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Discussion Starter #14
The Ts508 will work just fine on the Ascent,any other Subaru,any other car you can name that has TPMS and likely,many more that you can't name.
Got the TS508 in the mail yesterday, pretty easy to use and had everything lined up for mount and balance today.

For the spare, do I use Auto Create to make a new ID? Then just roll that into the mix at tire rotations and relearn?
 

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Got the TS508 in the mail yesterday, pretty easy to use and had everything lined up for mount and balance today.

For the spare, do I use Auto Create to make a new ID? Then just roll that into the mix at tire rotations and relearn?
Yes,that's all you have to do.

I see you have a '21 model.I think it's safe to say that you have push button start?The TS508 also has a feature to check the health of your key fob.I have heard that when the battery gets low,the car will start and drive just fine.That's until you get to say the gas station and shut the engine off for a few minutes.When you are ready to leave,the engine won't start and you'll be call a tow truck.
 

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I didn't read all the posts.

I tend to just up and sell my stock set up with the TPMS included. This lets me set the price higher. It saves me the money spent at a shop removing the sensors.

I buy sensors with my new wheels and tires. Discount Tire is awesome for this. They will connect the new tires to your car as a service. I buy my tires and wheels online and have them sent to me. That way I don't have to deal with sales pitches and gripes about "that won't fit your car" at the shop. I just show up with my receipt and ask for them to match them. (I put the wheels on my car myself, more money saved)

discounttiredirectcom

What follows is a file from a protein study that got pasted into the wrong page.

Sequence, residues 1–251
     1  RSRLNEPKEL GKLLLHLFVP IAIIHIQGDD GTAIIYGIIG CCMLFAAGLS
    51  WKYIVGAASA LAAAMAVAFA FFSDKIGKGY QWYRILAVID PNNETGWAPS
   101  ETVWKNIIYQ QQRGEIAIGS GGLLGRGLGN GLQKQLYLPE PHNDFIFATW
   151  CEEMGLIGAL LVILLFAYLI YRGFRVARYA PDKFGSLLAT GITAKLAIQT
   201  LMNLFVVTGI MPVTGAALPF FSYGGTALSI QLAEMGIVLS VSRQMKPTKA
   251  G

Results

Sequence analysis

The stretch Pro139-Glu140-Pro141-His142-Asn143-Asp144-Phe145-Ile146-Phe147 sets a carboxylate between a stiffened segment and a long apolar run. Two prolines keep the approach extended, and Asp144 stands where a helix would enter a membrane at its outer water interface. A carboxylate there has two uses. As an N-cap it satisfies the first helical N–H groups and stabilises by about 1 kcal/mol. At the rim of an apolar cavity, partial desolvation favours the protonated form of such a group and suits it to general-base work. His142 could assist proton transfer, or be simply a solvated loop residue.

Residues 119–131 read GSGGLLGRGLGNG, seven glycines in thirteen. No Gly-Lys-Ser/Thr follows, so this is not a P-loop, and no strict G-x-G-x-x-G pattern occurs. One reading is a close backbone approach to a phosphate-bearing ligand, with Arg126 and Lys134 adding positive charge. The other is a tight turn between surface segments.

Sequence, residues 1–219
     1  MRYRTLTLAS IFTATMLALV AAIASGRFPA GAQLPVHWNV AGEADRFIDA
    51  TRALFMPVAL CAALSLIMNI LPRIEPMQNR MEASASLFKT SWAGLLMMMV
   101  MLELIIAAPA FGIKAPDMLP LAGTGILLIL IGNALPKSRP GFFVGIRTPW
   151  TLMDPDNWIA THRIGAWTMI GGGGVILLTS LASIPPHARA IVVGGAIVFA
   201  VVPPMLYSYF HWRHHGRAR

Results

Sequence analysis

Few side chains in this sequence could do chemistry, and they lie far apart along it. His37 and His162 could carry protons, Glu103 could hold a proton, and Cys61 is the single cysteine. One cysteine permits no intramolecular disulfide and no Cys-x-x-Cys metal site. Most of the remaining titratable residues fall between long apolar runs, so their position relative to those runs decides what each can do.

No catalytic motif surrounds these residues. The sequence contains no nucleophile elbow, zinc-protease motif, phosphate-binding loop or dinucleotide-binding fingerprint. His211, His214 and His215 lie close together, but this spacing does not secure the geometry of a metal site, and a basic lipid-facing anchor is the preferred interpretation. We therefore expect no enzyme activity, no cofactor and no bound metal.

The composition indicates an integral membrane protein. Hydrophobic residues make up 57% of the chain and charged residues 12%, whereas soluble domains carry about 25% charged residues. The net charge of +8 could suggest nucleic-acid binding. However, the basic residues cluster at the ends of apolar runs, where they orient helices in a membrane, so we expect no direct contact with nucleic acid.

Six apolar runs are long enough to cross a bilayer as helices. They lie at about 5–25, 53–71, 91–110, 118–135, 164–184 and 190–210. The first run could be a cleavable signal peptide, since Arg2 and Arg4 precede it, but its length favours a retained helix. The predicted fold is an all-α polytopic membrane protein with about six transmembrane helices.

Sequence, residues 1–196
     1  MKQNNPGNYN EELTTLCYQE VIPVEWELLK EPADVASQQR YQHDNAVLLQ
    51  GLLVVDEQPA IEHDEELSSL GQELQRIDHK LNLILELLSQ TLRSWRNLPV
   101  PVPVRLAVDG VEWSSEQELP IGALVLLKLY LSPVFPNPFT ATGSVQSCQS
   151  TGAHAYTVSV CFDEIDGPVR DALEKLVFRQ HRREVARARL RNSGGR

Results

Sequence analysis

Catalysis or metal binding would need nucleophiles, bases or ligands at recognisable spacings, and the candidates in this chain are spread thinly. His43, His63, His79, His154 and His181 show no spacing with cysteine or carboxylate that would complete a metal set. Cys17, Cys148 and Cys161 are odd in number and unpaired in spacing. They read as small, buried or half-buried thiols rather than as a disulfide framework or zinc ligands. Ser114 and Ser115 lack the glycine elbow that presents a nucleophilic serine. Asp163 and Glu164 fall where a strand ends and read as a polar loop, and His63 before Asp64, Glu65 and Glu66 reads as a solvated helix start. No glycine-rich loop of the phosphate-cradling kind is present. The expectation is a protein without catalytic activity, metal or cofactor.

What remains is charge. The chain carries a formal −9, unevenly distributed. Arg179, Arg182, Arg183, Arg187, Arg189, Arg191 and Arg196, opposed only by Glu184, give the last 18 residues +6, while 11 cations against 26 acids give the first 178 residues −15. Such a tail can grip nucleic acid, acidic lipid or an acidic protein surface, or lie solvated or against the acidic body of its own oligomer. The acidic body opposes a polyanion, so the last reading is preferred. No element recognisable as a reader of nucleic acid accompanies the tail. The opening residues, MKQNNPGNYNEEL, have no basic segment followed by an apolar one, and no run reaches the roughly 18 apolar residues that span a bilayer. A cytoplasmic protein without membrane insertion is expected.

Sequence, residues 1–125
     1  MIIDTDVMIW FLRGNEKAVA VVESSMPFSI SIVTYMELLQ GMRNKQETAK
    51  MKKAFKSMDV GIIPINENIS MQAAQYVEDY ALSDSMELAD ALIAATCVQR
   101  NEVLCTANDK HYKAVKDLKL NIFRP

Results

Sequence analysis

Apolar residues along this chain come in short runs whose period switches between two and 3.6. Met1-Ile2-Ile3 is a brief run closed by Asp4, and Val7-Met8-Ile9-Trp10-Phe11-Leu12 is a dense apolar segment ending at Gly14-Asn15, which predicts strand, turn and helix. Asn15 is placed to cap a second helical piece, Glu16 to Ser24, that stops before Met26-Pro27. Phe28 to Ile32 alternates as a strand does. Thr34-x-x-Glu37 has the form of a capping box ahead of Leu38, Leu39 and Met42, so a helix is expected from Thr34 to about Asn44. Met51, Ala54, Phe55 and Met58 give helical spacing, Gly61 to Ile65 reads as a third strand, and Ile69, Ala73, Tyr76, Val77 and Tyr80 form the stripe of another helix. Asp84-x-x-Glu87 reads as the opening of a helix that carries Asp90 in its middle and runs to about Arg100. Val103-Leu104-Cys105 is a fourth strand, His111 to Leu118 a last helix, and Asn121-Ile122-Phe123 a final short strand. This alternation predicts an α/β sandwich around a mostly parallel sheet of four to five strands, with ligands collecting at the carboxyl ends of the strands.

Also. Avoid 15s if you want to go into mud.
This is what happens when rocks get caught between the brakes and wheels.

You can get a bigger tire in a 16 or 17.
 

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Discussion Starter #17
I see you have a '21 model.I think it's safe to say that you have push button start?
No, got a manual - no nice features like that in a manual... but I did see something about that in the directions.

I did sat my wife’s key on her bumper one time to unload groceries or something. She thought they were in her purse still... she started the car and drove to another errand, key fell off somewhere along the way (no warning from car btw), stuck at destination until I brought the spare... ugh. Wasted quite a few bucks getting a new fob, think was about $350 for fob and programming to her car (and I’ll never live it down...).
 

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No, got a manual - no nice features like that in a manual... but I did see something about that in the directions.

I did sat my wife’s key on her bumper one time to unload groceries or something. She thought they were in her purse still... she started the car and drove to another errand, key fell off somewhere along the way (no warning from car btw), stuck at destination until I brought the spare... ugh. Wasted quite a few bucks getting a new fob, think was about $350 for fob and programming to her car (and I’ll never live it down...).
Actually,I don't think PBS is a nice feature.That's one reason I kept my '16 premium.It has a CVT but it also has a metal key,without which you go nowhere.It's impossible to leave the key behind as your wife did.

When,not if,when,the battery goes dead in your wife's fob,the same thing will happen as when she lost it.It can't communicate with car so the car won't start.If you use the TS508 to test her fob from time to time,you will know when it's getting weak and you can change the battery before she gets stranded again.
 

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Just picked up the TS508 with 8 of Autel’s 1-valves for ~$310 after tax, due to arrive the day I’m putting the lift on later this week. I found a special thru one of the nationwide auto parts shops that got me free shipping and 15% off.

Thanks for the input!
Mind sharing where you got this deal? Everything worked out good for you swapping wheels/sensors with this tool? I’m in the same boat as you, and if I’m going to spend $220 on oem sensors and then have to pay to get them mapped why not pay the extra $90 and get the tool and extra sensors.
 

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Discussion Starter #20
Mind sharing where you got this deal?
I got it at O’Reilly auto parts online. I did a shopping search on Google and it came up as one of the cheapest prices. Then I found a coupon code that brought it down more - can’t remember but think it may have been a St Patrick’s Day sale.